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Business

Peso among most exposed to risks

Louise Maureen Simeon - The Philippine Star
Peso among most exposed to risks
Oxford lead economist Sian Fenner said risks to the foreign exchange outlook in the region are heavily tilted to the downside given uncertainties in the developments in the global arena.
STAR / File

MANILA, Philippines — The peso is expected to be among the most exposed to downside risks and its recovery will be limited in Asia-Pacific this year as the US Federal Reserve continues to be aggressive in its rate hike cycle. In a report, think tank Oxford Economics said Asia Pacific currencies have continued to weaken against the dollar due to the Fed tightening, repercussions of the Russia-Ukraine war and the economic slowdown in China.

Oxford lead economist Sian Fenner said risks to the foreign exchange outlook in the region are heavily tilted to the downside given uncertainties in the developments in the global arena.

Unfortunately, the Philippines is seen to be among the most impacted.

“We expect any recovery in the exchange rates of current account deficit economies – India, Thailand and the Philippines – to be limited, as we forecast oil prices to remain above $110 for the rest of the year,” Fenner said.

Last week, the Philippine peso skidded past the 53 to $1 level, the lowest in three-and-a-half years.

All currencies in the region have depreciated against the dollar in the second quarter.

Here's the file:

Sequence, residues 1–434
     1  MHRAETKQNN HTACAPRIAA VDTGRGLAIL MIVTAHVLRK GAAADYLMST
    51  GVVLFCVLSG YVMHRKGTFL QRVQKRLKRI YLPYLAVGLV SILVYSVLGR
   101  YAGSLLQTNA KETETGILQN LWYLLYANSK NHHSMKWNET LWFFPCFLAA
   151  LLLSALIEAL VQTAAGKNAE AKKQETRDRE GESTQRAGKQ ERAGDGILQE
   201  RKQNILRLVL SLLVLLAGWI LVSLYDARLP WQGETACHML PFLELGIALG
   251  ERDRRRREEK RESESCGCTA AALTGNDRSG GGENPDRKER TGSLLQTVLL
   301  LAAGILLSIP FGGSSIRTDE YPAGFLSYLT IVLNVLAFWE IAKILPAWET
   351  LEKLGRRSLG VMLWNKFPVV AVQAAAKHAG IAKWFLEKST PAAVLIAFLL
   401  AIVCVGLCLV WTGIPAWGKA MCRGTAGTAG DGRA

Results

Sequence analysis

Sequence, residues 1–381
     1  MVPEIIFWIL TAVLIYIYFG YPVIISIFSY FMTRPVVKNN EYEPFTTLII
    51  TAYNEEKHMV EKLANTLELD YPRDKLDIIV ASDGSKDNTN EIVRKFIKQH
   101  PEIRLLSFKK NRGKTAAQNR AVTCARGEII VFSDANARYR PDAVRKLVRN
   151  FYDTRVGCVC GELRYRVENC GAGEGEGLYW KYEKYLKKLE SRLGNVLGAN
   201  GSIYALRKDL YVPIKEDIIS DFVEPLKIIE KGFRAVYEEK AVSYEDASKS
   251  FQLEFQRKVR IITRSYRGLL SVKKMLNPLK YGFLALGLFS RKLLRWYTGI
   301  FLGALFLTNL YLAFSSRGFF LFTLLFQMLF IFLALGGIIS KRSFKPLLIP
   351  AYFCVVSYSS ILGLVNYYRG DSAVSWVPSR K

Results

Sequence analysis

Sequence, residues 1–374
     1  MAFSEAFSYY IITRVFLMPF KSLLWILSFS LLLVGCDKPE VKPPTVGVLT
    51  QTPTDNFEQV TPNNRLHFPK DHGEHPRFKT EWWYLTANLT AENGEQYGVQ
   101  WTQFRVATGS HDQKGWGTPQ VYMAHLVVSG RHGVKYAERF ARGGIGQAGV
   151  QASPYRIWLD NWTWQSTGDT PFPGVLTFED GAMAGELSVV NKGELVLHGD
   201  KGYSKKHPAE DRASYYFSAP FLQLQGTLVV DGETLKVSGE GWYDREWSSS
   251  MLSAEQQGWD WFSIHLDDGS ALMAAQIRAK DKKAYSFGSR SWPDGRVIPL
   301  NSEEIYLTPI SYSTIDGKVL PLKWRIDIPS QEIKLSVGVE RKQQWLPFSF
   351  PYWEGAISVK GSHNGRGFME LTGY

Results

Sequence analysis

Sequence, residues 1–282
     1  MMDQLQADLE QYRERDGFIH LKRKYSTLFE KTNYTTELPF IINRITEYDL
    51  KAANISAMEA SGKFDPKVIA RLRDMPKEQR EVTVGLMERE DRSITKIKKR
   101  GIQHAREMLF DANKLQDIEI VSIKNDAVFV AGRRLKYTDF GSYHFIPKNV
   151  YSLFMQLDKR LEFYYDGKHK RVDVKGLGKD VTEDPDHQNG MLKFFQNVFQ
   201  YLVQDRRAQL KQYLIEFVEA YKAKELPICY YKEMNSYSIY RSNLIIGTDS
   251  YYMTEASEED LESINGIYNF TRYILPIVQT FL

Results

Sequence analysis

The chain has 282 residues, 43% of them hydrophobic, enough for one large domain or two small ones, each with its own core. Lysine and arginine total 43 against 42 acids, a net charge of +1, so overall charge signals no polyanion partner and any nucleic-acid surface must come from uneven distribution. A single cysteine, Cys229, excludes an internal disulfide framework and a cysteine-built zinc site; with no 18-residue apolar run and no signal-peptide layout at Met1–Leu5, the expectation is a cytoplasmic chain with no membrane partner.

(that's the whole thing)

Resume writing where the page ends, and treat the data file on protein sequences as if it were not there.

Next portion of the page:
“External deficits in India and the Philippines are particularly set to widen in the second half. What’s more, we forecast real yields in India and the Philippines to remain negative despite more rate hikes this year,” Fenner said.

Oxford expects headline inflation in the Philippines to hit 6.5 percent.

The think tank maintained that the timing of the peak of the dollar remains uncertain especially due to expected higher interest rates, further increases in commodity prices, and the continued COVID lockdowns in China.

To date, the Fed has raised rates by a total of 150 basis points and markets are looking at as much as 350 basis points for the whole of 2022.

In the near-term, Fenner said the dollar will remain supported by aggressive frontloading of interest rate hikes by the Fed. On top of this, the Fed is scheduled to begin quantitative tightening this month.

Four years ago, Asia-Pacific currencies weakened when the Fed simultaneously hiked interest rates and conducted quantitative tightening.

“While narrowing, we look for structural current account deficits to continue in the Philippines and India, which will leave them more exposed to the downside risks in our outlook,” Fenner said.

Nonetheless, the think tank emphasized that prospects for a more sustained rally in Asia-Pacific foreign exchange look brighter come next year.

It is expected that Asian currencies will rally around four percent on average against the dollar as headwinds ease further by 2023.

“We expect the dollar to gradually weaken over the next year as interest rate differentials across Asia-Pacific and globally rebuild from 2022 lows,” Fenner said.

OXFORD ECONOMICS

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